If you’ve ever found yourself wanting to lose weight desperately, you may have been tempted to try a “fad diet” that’s generating a lot of buzz. Said diets often have dramatic claims such as losing a couple pounds in a single week or reducing the risk of heart disease or diabetes, and are often restricted to specific foods or food groups, or attempt to drastically cut down on calorie intake. One thing to keep in mind is, if it sounds too good to be true, it often is. Granted, fad diets technically do work, in that they do produce weight loss results. However, those results are almost always temporary, and cannot produce long-term results. In addition, the majority of fad diets go against nutritional recommendations and may promote unhealthy eating habits, which may in turn be detrimental to your health.
Fad diets take regular dieting goals such as reducing calorie intake to an extreme, or require you to either eat unusual foods, eat the same food items every day, drastically downsize your portions, or either eat only from or omit certain food groups. What’s more, fad diets do not stress the importance of exercise. As a result, a lot of the weight lost from fad diets is not from fat but instead from water weight and muscle mass, so any weight “lost” is quickly gained back. What’s more, a lot of fad diets either deprive the dieter of essential nutrients provided in certain foods or food groups, or introduce or increase ingredients that may cause health problems in excess. The results include symptoms such as exhaustion, dehydration, digestive problems, and malnutrition. Sometimes the deficiency of certain nutrients, excess of certain nutrients or other ingredients, or dietary supplements and pills that some fad diets introduce may even lead to more serious problems such as diabetes, high blood pressure, heart disease, or problems with your metabolism. In addition to affecting your health, fad diets can also scam you out of your money by requiring you to purchase meal plans or video seminars that in the end have no effect.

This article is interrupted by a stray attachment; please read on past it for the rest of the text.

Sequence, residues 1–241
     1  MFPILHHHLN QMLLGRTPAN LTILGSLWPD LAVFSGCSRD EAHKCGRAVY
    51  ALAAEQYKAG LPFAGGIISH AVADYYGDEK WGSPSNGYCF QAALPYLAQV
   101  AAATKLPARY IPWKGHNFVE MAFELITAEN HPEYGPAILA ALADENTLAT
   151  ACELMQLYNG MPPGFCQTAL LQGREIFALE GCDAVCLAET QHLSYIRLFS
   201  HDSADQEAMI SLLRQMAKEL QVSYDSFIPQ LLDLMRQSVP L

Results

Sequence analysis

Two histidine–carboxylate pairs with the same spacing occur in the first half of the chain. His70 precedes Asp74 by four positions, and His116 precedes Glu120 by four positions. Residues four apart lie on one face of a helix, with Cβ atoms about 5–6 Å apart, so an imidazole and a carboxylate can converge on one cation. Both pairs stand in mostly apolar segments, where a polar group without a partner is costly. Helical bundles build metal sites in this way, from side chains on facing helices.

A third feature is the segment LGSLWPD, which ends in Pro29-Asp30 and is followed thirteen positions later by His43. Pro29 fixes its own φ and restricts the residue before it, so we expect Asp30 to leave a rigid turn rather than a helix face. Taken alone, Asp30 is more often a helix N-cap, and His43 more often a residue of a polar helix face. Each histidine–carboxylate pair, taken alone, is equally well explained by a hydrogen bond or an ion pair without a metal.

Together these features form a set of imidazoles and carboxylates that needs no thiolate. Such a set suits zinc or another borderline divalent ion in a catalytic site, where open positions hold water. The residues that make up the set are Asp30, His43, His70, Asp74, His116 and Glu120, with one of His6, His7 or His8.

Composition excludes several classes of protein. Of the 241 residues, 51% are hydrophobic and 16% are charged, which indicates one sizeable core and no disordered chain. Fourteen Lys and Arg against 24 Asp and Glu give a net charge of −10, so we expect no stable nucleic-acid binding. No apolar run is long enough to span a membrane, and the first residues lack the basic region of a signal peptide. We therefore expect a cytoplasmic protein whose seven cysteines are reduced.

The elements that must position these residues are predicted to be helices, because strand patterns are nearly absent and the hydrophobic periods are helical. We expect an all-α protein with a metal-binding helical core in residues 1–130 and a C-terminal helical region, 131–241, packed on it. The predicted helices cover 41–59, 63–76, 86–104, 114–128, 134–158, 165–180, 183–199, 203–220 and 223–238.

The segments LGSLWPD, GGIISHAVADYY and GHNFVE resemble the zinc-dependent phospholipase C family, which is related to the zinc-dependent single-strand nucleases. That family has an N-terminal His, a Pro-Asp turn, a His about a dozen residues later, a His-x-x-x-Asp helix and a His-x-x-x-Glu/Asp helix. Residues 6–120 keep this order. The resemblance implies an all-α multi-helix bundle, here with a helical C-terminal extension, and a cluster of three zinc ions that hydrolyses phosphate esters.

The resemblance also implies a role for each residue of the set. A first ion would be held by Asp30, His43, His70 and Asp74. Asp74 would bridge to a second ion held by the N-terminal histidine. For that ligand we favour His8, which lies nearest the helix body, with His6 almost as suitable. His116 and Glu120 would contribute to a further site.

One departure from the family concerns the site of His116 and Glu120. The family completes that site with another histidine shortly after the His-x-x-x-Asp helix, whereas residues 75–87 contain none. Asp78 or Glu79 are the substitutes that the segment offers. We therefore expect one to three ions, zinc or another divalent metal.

In general, it’s best to beware of any diet that: claims you’ll lose 2 or more pounds in less than a month; claims that you’ll lose weight and keep it off without having to forgo fatty or high-calorie foods, or without having to exercise; has “testimonials” from clients or so-called “dieticians” who in reality do not have any credentials; uses “before and after” photo comparisons as a basis for its validity; restricts you to only certain food groups or forces you to eat ridiculously small portions; or requires you to spend money on prepackaged meals, diet pills, and/or video seminars.